4. The device of claim 3 wherein said threaded opening is substantially near the outer end of the support arm so that a support pin mounted therein will overhang the side of the cooking utensil and contact the handle thereof to prevent rotation of the support arms about the cooking utensil.

5. The device of claim 2 wherein the gripping means includes a grooved insert pad mounted to the bottom of each of said support arms, said grooves being adapted to receive a side of a cooking utensil, at least one of said insert pads having means to create an inward pressure between said insert pad and the side of a cooking utensil to thereby secure the stirring device thereto.

6. The device of claim 5 wherein the pressure creating means includes means to slide an insert pad with respect to its associated support arm, a handle extending upwardly from said slidable insert pad and pivoted about said associated support arm, and a spring extending between said support arm and said handle to thereby apply an inwardly directed force on said insert pad.

7. The device of claim 1 wherein the agitation means includes a plurality of blades, said blades being attached to and extending radially outward from said center post.

8. The device of claim 7 wherein the agitation adjusting means includes blades having an inner portion and an outer portion, said outer portion being slidably secured to said inner portion to permit telescoping of said outer portion about said inner portion and thereby adjust the radial extension of said blade.

9. The device of claim 1 wherein the bearing has means defining an alignment shaft for slidably receiving and supporting the center post, said alignment shaft permitting perpendicular movement of said center post while remaining in a driving relationship thereto to thereby allow said center post to freely move into and out of said alignment shaft.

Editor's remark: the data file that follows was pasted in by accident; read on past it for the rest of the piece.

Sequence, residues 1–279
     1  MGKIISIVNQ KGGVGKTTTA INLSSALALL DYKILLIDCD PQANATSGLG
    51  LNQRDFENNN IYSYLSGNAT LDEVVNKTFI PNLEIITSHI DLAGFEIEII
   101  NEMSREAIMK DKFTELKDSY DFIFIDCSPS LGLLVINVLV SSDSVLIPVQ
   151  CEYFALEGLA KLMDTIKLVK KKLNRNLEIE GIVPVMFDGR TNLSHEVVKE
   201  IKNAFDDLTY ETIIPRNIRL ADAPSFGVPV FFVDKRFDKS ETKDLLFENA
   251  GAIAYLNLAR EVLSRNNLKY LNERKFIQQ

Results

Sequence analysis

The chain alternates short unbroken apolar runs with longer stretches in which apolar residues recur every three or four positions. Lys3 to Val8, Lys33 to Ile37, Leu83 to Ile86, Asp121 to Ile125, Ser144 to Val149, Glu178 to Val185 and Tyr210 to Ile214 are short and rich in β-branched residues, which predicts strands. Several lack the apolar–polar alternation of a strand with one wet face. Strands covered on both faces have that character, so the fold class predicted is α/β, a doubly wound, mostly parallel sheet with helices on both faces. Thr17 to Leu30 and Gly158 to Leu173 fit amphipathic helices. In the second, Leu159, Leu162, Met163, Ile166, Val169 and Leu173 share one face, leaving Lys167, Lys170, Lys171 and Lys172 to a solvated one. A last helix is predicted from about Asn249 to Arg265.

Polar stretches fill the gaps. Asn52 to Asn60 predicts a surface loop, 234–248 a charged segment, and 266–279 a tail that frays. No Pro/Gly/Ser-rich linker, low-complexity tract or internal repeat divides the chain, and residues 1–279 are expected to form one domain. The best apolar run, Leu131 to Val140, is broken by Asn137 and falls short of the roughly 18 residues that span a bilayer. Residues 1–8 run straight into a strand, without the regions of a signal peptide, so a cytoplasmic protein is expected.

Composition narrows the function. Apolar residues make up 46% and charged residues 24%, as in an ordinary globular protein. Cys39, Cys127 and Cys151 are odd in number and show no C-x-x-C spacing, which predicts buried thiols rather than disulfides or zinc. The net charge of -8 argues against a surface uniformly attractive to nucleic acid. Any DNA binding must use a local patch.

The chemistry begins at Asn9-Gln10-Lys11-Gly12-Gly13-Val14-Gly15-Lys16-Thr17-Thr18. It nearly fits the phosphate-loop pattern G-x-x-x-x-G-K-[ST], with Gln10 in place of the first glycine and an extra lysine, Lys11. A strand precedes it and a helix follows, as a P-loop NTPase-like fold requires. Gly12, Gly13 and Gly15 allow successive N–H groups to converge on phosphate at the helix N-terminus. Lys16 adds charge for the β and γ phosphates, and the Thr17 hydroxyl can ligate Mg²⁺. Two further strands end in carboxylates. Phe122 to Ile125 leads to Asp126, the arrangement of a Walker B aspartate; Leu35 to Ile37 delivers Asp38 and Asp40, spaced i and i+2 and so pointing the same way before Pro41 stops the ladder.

10. A device for automatically stirring the contents of a cooking utensil comprising a center housing, three support arms approximately equally spaced about said center housing, an electrical drive motor mounted in an outer end of one of said support arms, a control for said motor providing for a plurality of selectable motor speeds, a motor drive shaft extending radially inward along the interior of said one support arm, bearing means supporting an inner end of said motor drive shaft, a first drive gear mounted on said inner end, a second drive gear, bearing means supporting said second drive gear from the center housing, means defining a bore in said second gear, a bearing collar secured to said bore and extending upwardly therefrom, a bearing means secured to the upper end of said bearing collar and supporting same from the center housing, said bearing collar having means forming an alignment shaft with a square cross-sectional area approximating a square, an agitation means including a center post having an approximately square cross section to be slidably received by said alignment shaft, three blades attached to and extending radially outward from said center post, each of said blades having an inner portion and an outer portion, said outer portion having tabs which overlap said inner portion and slidably retain said outer portion thereto, a plurality of index markings on said outer portions to aid in determining the amount of overlap therebetween, each of said support arms having an insert pad mounted to its bottom surface, each of said pads having a plurality of arcuate grooves, one of said pads having a slide rail mounting to permit sliding movement relative to its associated support arm, an operating handle pivotally connected to an end of said one pad, a spring extending between said handle and said support arm to resist outward movement of said one pad and thereby provide a gripping force to the sides of the cooking utensil, means defining a threaded opening in the outer end of each of said support arms, three support pins, each of said pins having threads to match and line up with said threaded openings and secure said pins to said support arms, said pins being equal in length and of sufficient length to support said stirring device from a flat surface and permit unrestricted rotation of said blades, said pins having sufficient rigidity and length to contact the handle of the cooking utensil to prevent rotation of the stirring device about the cooking utensil as said agitation means is driven, and a lifting handle mounted atop said center housing, said operating handle being positioned for convenient operation by a user's thumb as the lifting handle is gripped.